Interestingly, maintaining a focused frame and sustaining a broad coalition are often in direct tension, as incorporating diverse perspectives complicates the creation of a shared and narrow understanding of the problem – effective networks find ways to balance these two tasks. For instance, the success of advocacy for global tobacco control was underpinned by the network successfully advancing the wider uptake of its core frame (e.g. smoking as a public health issue, not an individual responsibility issue), expanding its frame to incorporate new network allies (e.g. making the economic case for tobacco control to government representatives) and drawing clear membership limits (e.g. excluding the tobacco industry).
Do advocates shape issues/environments or do issues/environments shape advocates? Towards an interactive theory
The third takeaway concerns the million dollar question – do successful advocates pick the ‘easy’ issues and operate in a policy environment conducive of change or are effective networks able to shape those issues and environments successfully? Our finding (as unsatisfying as it might seem) is that it’s both.
Take issue characteristics – some aspects of issues exhibit more inherent attributes (e.g. number of people affected by an issue; the scientific basis of a certain health condition). These attributes might change over time but are generally difficult for advocates to change. Other aspects of an issue are much more malleable as they are socially ascribed (e.g. who bears moral responsibility for addressing an issue, how an issue relates to certain cultural norms). These attributes are more conducive to being shaped by advocacy networks.
Similarly, policy environments create varying opportunities and threats to successful advocacy. At any point in time, they can include powerful opponents who see their interests threatened by the network or can offer varying levels of interest by potential allies and funders. Since policy environments are by nature dynamic, they offer varying windows of opportunities at different times, which can be used and opened by networks.
To underscore these points – take the difference between the successful advocacy for global tobacco control vs. the failure of alcohol control as an example (here is a more in-depth analysis). Clearly, there are a few inherent issue characteristics (e.g. the more direct causal chain from usage to disease, the absence of a healthy consumption rate) that make it easier to frame tobacco usage as a public health issue and to vilify the industry than it is for alcohol. At the same time, these are not static characteristics as they have evolved over time. Consider the history of alcohol prohibition in the U.S. or the fact that the idea of a global treaty on tobacco control was considered highly unrealistic even a few years before its adoption. Furthermore, the alcohol industry has clearly learned from the tobacco industry’s experience in responding to criticism and successfully built a corporate social responsibility image (ironically, the UK’s newly appointed Development Secretary is a case in point as someone who moved from advising the tobacco to the alcohol industry).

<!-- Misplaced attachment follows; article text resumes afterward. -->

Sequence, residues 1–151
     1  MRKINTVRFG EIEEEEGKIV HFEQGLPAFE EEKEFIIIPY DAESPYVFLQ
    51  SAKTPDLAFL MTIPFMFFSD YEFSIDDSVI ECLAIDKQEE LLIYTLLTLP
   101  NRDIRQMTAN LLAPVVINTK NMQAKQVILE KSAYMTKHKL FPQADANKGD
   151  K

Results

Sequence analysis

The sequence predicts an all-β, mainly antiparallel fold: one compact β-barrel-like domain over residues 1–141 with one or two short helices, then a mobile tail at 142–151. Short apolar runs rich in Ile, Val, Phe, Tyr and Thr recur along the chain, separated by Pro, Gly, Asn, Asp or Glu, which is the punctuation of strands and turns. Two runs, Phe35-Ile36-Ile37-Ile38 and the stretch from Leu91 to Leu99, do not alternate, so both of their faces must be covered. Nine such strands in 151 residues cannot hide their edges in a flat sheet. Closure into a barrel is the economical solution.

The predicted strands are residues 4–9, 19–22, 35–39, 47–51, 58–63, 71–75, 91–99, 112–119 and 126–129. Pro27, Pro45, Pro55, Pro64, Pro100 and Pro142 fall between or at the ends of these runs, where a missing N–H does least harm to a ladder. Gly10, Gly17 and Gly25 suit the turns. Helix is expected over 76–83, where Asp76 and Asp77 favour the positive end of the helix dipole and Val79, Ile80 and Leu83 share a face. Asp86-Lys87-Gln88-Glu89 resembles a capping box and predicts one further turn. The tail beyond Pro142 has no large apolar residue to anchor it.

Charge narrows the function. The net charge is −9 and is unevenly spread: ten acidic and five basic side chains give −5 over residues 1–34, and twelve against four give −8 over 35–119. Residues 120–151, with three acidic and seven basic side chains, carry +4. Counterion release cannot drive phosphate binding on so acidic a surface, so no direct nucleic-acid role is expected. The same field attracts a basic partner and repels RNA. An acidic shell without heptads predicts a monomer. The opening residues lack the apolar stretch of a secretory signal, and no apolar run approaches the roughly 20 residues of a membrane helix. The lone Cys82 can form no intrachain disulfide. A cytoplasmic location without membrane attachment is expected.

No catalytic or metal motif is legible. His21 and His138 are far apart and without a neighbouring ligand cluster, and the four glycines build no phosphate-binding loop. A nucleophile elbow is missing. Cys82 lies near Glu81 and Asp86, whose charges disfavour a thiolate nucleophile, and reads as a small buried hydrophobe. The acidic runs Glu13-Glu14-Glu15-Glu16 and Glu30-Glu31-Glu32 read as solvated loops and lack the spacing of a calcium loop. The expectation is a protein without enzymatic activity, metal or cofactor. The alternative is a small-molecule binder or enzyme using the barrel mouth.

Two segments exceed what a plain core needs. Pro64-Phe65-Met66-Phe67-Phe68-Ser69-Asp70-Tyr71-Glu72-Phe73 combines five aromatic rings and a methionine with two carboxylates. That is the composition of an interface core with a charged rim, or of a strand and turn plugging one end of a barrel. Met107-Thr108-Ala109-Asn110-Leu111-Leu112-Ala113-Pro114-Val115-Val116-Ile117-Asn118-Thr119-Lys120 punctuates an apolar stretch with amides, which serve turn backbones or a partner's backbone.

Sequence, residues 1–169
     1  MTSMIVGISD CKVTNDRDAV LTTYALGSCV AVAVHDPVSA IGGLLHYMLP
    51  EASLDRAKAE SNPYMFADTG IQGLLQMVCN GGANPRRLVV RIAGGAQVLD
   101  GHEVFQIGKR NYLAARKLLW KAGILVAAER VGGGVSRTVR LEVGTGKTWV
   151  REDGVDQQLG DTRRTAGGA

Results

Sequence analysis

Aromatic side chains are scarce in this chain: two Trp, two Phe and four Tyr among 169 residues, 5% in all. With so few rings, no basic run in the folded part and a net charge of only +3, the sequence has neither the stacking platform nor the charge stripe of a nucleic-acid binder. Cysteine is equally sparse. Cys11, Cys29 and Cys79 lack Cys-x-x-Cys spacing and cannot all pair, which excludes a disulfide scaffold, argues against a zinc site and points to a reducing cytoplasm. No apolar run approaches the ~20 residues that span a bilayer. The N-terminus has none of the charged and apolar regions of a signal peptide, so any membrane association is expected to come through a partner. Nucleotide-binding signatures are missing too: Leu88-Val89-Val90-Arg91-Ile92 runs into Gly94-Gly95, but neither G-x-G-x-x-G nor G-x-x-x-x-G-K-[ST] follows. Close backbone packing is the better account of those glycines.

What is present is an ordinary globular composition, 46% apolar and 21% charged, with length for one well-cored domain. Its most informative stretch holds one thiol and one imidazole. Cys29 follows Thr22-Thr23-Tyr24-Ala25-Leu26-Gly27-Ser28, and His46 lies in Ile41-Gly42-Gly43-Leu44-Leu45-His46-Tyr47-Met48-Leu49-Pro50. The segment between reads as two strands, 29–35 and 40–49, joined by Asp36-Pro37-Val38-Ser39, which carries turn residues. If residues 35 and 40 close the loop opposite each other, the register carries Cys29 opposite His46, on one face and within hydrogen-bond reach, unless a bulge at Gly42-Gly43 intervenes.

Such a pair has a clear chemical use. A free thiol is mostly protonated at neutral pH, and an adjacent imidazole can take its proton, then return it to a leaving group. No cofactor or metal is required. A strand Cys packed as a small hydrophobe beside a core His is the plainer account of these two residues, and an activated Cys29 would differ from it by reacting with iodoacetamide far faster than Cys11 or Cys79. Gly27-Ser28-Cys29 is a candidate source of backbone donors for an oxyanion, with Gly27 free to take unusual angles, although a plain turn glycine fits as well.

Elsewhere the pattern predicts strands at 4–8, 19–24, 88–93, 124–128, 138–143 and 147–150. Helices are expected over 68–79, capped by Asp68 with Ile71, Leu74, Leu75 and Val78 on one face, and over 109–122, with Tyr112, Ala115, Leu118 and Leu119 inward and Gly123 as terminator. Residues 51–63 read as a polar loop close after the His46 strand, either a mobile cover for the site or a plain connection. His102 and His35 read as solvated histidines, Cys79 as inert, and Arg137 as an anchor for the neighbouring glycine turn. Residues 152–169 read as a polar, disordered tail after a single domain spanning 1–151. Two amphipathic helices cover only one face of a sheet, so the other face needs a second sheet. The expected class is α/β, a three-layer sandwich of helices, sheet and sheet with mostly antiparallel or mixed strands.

In sum, I hope that considering these success factors for effective advocacy (around network, issue, environmental features) can help us to build better influence strategies. At the same time, we should be careful to not look at these factors too statically. After all, the strategic selection of advocacy issues should not only be based on their likelihood for achieving rapid success but also on their significance and the moral imperative of addressing them – even if the immediate possibilities of progress are slim. History teaches us that going after the seemingly impossible can appear like the most rational strategy in the long-run.
This post first appeared on From Poverty to Power